Which Joe gave his name to ‘sloppy joes’? We look at five interesting sandwiches and their lexical origins.
- ‘I pointed over to the leftover boxes and gave him the pocketknife.’
- ‘After that, he shrugged and held the pocketknife down.’
- ‘Thinking quickly, I opened a pocketknife and cut Derek's ropes loose.’
- ‘Edgar pulled a pocketknife from his pocket and quickly slit through the tape.’
- ‘I reached into my back pocket and pulled out a pocketknife.’
- ‘Reaching into his back pocket, he pulled out a large pocketknife and snapped it open.’
- ‘She was afraid to struggle; she knew quite well that he kept a pocketknife in his back pocket.’
- ‘He reached under his pillow and pulled out his pocketknife.’
- ‘He opened the pocketknife to expose its glistening blade.’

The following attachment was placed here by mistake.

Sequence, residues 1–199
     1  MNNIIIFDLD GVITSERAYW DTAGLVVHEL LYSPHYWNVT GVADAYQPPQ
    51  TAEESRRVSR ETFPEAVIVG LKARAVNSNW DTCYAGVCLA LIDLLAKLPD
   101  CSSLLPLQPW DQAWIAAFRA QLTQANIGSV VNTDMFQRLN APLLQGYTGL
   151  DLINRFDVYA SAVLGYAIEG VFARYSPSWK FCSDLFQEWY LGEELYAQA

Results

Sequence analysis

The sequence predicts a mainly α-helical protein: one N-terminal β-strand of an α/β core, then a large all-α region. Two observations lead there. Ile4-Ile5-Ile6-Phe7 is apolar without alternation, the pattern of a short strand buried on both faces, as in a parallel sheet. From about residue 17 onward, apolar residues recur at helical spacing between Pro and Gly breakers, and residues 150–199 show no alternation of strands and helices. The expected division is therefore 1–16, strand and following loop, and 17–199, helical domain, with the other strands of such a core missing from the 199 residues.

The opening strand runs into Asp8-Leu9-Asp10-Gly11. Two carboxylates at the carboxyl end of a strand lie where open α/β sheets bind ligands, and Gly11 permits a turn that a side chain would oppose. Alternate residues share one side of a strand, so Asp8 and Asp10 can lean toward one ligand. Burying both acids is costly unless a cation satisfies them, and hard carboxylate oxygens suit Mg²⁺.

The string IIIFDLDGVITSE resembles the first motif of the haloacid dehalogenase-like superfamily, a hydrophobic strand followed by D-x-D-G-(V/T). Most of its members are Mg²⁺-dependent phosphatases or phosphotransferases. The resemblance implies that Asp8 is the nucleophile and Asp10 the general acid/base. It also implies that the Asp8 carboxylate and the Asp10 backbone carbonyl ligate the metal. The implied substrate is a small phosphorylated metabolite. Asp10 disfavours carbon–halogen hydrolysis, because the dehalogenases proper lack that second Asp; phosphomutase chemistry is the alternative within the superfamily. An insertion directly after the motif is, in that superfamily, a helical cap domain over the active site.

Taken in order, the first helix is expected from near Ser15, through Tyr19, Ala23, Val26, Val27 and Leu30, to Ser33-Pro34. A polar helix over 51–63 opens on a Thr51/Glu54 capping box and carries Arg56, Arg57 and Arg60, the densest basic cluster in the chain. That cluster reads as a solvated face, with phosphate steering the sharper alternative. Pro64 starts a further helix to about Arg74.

- ‘The thief turned around and brandished his pocketknife.’
- ‘Silently, Shawn reached a hand into the right pocket on his jeans and withdrew a compact pocketknife, flicking it open.’
- ‘She took out her pocketknife and stabbed it into the wooden table.’
- ‘I took a small pocketknife out of my bag and cut their ropes.’
- ‘Walking forward he pulled the silver pocketknife from his pocket then started peeling the thorns off, and cutting the stems.’
- ‘I pulled it out of my pocket and found my pocketknife.’
- ‘‘You won't feel a thing,’ he whispered to me as he grabbed his pocketknife out of his pocket.’
- ‘Reaching into my right cargo pocket, I produced a small pocketknife.’
- ‘He had cut through his own by taking out a pocketknife, for he was blessed with longer arms, and he was able to reach it almost directly after she had tied him up.’
We take a look at several popular, though confusing, punctuation marks.
From Afghanistan to Zimbabwe, discover surprising and intriguing language facts from around the globe.
The definitions of ‘buddy’ and ‘bro’ in the OED have recently been revised. We explore their history and increase in popularity.